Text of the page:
Q:

If a liquid and a gas are at the same temp,,then do their constituent particles have the same kinetic energies??if not then why??

- Jenniffer (age 18)

india

- Jenniffer (age 18)

india

A:

To a good approximation, the kinetic energies of the molecules are the same in the liquid and the gas at the same temperature. The reason is the Equipartition Theorem. It says that for some mode (like velocity v_{x} in some direction or angular velocity around some axis) that obeys some conditions, in thermal equilibrium the average energy is a universal constant times the absolute temperature. The conditions are:

0) The temperature is high enough for the particle to explore many quantum states with different values of the parameter, e.g. v_{x} for velocity in the x direction.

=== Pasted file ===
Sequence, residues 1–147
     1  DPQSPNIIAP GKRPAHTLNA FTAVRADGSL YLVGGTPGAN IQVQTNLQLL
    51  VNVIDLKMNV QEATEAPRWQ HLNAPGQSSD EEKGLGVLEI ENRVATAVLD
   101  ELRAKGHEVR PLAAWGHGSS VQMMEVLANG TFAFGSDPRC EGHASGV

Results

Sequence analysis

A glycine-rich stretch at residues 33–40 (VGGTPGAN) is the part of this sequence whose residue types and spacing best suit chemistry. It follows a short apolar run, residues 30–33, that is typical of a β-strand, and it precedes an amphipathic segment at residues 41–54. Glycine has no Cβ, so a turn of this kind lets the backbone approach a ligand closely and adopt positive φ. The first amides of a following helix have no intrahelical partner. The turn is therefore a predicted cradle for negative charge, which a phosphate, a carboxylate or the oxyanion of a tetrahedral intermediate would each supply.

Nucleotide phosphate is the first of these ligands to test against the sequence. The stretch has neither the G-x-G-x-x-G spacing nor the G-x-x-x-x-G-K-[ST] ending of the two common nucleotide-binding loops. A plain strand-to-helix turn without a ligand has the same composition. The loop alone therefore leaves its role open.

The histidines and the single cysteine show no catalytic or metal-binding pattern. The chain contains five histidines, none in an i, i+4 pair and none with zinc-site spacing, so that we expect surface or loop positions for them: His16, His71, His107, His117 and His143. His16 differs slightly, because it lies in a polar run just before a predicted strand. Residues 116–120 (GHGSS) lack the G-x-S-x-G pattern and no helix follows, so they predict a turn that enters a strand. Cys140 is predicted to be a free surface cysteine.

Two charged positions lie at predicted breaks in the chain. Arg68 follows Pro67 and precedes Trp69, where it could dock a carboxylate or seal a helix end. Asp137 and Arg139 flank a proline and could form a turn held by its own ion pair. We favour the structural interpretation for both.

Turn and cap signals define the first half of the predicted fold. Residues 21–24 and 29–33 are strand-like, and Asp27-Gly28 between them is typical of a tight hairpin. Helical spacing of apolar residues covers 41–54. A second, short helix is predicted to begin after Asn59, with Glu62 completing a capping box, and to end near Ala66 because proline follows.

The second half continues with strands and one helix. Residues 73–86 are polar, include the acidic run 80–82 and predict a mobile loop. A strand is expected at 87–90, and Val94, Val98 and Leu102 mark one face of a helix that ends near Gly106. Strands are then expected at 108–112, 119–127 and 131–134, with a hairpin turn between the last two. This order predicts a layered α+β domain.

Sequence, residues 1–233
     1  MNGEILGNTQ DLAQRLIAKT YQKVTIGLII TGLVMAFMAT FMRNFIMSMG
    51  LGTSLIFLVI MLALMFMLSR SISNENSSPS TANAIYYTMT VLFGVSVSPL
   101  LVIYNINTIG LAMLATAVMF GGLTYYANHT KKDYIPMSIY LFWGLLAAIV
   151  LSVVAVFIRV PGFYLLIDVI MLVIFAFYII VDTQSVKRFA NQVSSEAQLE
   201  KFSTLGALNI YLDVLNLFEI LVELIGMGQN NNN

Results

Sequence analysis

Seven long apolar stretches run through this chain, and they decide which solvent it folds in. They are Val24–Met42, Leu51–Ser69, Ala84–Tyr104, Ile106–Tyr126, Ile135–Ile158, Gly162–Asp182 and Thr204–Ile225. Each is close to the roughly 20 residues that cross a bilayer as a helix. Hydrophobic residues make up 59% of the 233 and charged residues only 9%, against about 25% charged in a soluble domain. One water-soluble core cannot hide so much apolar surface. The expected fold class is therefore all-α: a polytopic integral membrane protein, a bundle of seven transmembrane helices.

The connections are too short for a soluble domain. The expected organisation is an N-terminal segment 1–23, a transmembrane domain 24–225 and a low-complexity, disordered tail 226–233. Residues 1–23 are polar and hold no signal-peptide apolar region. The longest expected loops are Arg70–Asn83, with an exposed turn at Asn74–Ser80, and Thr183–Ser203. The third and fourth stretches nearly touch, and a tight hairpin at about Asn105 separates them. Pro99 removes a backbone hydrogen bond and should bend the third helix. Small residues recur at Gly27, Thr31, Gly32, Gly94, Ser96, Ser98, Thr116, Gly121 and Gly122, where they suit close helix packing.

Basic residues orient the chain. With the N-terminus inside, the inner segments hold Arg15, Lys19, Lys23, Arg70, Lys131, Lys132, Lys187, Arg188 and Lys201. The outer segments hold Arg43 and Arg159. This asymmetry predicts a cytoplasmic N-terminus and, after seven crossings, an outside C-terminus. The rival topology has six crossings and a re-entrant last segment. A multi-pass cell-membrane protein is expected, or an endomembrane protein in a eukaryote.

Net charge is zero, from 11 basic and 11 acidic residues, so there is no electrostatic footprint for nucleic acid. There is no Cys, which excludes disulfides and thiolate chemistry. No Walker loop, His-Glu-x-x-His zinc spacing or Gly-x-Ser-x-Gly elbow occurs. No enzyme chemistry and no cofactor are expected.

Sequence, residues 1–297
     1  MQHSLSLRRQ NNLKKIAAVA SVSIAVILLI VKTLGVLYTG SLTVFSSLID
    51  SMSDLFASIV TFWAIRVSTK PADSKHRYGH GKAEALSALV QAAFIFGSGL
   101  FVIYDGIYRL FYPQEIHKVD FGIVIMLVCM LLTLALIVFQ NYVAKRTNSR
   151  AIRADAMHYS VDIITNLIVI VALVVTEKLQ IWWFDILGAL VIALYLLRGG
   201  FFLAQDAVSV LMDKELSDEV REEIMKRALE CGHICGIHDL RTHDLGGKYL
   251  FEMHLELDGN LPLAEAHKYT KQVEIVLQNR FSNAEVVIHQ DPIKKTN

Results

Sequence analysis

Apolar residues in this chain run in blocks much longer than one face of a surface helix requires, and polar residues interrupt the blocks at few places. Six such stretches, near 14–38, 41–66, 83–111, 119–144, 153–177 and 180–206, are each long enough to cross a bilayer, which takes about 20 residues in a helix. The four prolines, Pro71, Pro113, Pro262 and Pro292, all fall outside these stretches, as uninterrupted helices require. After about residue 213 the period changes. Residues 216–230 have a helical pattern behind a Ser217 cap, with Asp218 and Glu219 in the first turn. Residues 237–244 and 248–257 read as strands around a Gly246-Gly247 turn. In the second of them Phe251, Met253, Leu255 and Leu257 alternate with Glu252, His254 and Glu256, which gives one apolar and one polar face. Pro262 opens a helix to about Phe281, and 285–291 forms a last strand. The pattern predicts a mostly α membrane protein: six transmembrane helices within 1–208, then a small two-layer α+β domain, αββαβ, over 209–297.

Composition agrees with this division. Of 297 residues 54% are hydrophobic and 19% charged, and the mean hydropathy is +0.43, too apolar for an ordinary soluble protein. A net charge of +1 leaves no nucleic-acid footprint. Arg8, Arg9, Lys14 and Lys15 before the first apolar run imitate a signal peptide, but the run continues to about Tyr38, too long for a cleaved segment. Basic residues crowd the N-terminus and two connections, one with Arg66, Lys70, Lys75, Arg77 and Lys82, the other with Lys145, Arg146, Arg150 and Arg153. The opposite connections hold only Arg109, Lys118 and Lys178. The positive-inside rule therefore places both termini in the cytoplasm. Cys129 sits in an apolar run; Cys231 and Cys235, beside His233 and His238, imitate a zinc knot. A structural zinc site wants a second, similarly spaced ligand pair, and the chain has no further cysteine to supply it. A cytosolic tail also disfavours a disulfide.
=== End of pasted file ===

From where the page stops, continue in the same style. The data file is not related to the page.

1) The density of quantum states doesn't depend on the value of the parameter, e.g. there are the same number of quantum states around v_{x}=1 m/s as around v_{x}=-2 m/s.

2) The energy is quadratic in the parameter, e.g. mv_{x}^{2}/2.

When these conditions hold, the thermal probability distribution for the parameter (e.g. v_{x}) looks like like a Gaussian whose width is just right to make the average of the energy (e.g. mv_{x}^{2}/2) equal to kT/2, where k is Boltzmann's constant. (This probability distribution is derived from the Boltzmann probability for occupying states with different energies at some temperature. That in turn is derived from entropy maximization, which is in effect a first principle.) These conditions usually hold well enough for the translational kinetic energy of gases and liquids. Condition (0) doesn't necessarily hold for rotations, and I suppose the deviations from equipartiton will be somewhat different in the liquid and gas, since the rotational states are different. For cold solids it often doesn't hold for translations either.

Mike W.

*(published on 01/08/2015)*